A Safety Study of Survivability in Seaplane Accidents

Personal Flotation Devices

In view of the continuing vulnerability of the occupants of seaplanes in accidents on the water to drowning, and since nearly four-fifths of fatal seaplane accidents which terminated in the water occurred during the take-off or the approach and landing phase, the Board, having considered advances in permanent wear, damage resistant, inflatable life-jackets, recommends that:

The Department of Transport require that all occupants of seaplanes wear a personal flotation device during the standing, taxiing, take-off, and approach and landing phases of flight. A94-07

Transport Canada's Response:

Transport Canada Aviation (TCA) has identified a requirement to update the Life Saving Equipment Order, (A.N.O., Series II, No.8) and to improve life preservers currently in use.

During consultation with industry, operators of floatplanes and amphibians pointed out that life preservers are not rugged enough for everyday wear, are unsuitable for frequent donning and doffing and are expensive. Continuing research and development is being conducted by TCA to improve life preserver design. In addition, TCA will present the proposal to make the wearing of such devices a regulatory requirement to the Work Group of the Canadian Aviation Regulation Advisory Council (CARAC) which is currently developing recommendations pertaining to Life Saving Equipment requirements. The Work Group will be asked to assess the safety implications of the proposal.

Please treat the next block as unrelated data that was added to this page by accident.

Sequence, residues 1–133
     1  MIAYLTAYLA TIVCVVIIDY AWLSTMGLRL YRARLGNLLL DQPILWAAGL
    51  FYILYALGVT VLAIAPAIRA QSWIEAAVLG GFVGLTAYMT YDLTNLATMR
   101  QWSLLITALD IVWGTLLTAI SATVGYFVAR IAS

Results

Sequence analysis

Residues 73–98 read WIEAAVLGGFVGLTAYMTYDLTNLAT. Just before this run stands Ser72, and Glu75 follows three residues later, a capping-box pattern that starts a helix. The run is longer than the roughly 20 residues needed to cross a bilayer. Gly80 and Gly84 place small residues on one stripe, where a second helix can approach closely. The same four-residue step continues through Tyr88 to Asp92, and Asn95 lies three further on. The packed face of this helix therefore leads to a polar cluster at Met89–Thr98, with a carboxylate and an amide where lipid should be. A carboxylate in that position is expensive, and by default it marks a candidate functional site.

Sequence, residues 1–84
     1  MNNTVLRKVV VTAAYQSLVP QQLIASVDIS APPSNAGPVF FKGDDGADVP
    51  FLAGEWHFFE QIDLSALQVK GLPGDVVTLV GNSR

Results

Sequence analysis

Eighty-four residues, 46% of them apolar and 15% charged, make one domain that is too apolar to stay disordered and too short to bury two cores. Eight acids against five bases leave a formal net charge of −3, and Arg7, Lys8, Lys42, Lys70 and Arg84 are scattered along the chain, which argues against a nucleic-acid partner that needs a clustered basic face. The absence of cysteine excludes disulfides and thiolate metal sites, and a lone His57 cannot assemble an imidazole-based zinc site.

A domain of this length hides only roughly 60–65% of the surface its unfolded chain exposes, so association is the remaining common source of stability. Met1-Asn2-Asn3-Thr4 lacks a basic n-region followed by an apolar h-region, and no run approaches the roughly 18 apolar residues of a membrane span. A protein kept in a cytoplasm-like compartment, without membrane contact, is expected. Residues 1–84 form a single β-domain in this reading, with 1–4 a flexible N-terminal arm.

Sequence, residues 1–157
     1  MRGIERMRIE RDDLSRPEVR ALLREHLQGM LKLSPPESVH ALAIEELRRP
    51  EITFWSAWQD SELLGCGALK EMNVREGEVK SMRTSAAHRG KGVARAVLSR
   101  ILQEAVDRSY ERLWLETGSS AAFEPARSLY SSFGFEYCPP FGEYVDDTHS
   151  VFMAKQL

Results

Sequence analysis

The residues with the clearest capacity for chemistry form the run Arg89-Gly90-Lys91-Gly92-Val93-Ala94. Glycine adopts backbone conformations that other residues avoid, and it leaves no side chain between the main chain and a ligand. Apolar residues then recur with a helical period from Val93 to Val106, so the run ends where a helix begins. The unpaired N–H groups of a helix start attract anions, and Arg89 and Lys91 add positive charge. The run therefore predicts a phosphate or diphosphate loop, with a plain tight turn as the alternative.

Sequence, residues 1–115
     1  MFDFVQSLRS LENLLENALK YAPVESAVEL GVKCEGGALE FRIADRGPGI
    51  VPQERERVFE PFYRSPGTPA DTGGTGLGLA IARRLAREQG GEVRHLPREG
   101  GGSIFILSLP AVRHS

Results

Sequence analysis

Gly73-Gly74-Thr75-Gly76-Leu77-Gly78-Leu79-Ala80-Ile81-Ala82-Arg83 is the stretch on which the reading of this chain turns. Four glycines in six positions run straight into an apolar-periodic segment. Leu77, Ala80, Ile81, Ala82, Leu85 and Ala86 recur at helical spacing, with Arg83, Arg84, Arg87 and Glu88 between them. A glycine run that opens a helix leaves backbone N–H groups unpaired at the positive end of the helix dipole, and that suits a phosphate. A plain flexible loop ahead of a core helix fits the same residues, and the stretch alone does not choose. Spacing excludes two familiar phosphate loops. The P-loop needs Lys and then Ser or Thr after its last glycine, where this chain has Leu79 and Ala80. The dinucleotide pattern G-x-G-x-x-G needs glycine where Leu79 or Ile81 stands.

There is a widespread concern in the aviation industry regarding additional risks inherent in the wearing of the life vests during the standing, taxiing, take-off and landing phases of flight. It is claimed that marine cushions that are in wide-spread supplementary use are more likely to aid in water accidents.

TCA will not legislate that all occupants of seaplanes wear a personal flotation device during the standing, taxiing, take-off, and approach and landing phases of flight until clear safety benefits can be quantified. The revised legislation will require the life preservers to be within was reach of each seated passenger. This will increase their availability to all the occupants in the seaplane.

Personal Restraint Systems